By Pastor Peter Rustico
On a warm, humid, July morning, we gathered around the last earthly remains of a young man from Ohio. He was the “all-American boy.” He had been the captain of his high school’s football and wrestling teams. He was a tall, good-looking young man with broad shoulders and an infectious smile. He joined the United States Marine Corps at age 19. At age 20, he married his high school sweetheart. Now at the age of 21 his earthly remains were about to be lowered into the sacred soil of Arlington National Cemetery, one of the places our nation lays its heroes to rest.
His earthly remains had been brought to that place with the greatest of care. His remains had been borne on a horse-drawn caisson, accompanied by a platoon of Marines as well as music from the Marine Corps Band, and carried to that burial site by six members of the Marine Corps Ceremonial Guard. Now as a Navy chaplain, it was my responsibility to lead the brief worship that would commend this young hero of our war in Afghanistan, to the care of a loving and gracious God.
As a parish pastor for more than twenty-nine years, and a chaplain in the United States Navy Reserve for more than twenty-seven years, I reached back to what I knew. We shared in some of the prayers that church has used for decades to provide comfort and hope in times of great loss. I read from the sacred scriptures, specifically Psalm 23 which calls to mind the faithfulness of the Good Shepherd, and John 14 which reminds us that “in my Father’s house are many rooms.”
In my brief homily at the gravesite I recalled the Marine Corps motto, semper fidelis, which means “always faithful”. I spoke of this young man’s faithfulness in doing what his country asked him to do in a far off land, carrying on the battle which began with the terrorist attacks on September 11. I recalled his faithfulness in performing the work he was doing on that fateful day in June, clearing a road of land mines, so that others could travel in safety. Finally I proclaimed the God we know in Jesus Christ, who exemplified the very meaning of “faithfulness” in his life, his death, and his rising from the dead. Our faithfulness as his people is built on his faithfulness as our hope for eternal life.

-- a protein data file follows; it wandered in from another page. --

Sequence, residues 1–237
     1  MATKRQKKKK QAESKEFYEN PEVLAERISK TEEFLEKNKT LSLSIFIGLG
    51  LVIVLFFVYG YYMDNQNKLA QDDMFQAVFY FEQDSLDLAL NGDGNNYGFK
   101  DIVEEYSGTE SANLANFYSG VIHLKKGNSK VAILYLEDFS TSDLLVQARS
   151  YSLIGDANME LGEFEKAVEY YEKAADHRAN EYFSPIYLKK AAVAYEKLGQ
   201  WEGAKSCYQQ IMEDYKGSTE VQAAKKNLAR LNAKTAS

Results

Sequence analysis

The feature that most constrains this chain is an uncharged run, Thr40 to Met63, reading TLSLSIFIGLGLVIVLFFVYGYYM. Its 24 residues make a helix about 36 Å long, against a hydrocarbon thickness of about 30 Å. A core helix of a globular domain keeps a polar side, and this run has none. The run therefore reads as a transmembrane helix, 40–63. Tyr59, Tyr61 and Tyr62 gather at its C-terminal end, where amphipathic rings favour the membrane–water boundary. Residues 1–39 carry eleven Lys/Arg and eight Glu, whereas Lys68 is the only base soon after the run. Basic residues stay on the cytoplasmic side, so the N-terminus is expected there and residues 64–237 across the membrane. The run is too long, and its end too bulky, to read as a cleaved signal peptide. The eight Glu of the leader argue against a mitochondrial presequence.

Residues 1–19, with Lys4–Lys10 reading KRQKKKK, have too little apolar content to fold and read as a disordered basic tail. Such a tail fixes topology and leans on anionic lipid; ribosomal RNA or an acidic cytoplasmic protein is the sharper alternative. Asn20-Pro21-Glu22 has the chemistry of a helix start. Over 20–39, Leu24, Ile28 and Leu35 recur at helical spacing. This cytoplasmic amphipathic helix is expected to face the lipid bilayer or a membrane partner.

When the prayers of commendation and committal were concluded, the Marine platoon offered their rifle salute. The ceremonial guard folded the American flag with great dignity and precision while the bugler played “Taps,” and the gunnery sergeant presented the flag to the Marine’s young widow. After greeting the family for the last time, I visited with the three Marines who were present in motorized wheelchairs, all amputees, all still recovering at Bethesda Naval Hospital from the same attack that killed this young hero. Each of these young men believed that their friend who had died had saved their life.
From that morning funeral, I went on to officiate at four more funerals that same day: some for Navy, Marine Corps, or Coast Guard veterans of war or peacetime, some for their spouses. Approximately 30 funerals take place every day at Arlington National Cemetery, spanning all the branches of our nation’s military. In the last year, I have served 24 days at Arlington, and over the last four years that I have been assigned there, I have officiated at over 250 funerals for our veterans and their spouses. The military ceremony might change, but the same respect and dignity is brought to bear at every single one. I am thankful to my family, my congregation, and my church for supporting this ministry; most of all, I am grateful to God for the opportunity to speak his word of hope, and hopefully provide some small measure of comfort for the families who have sacrificed so very much.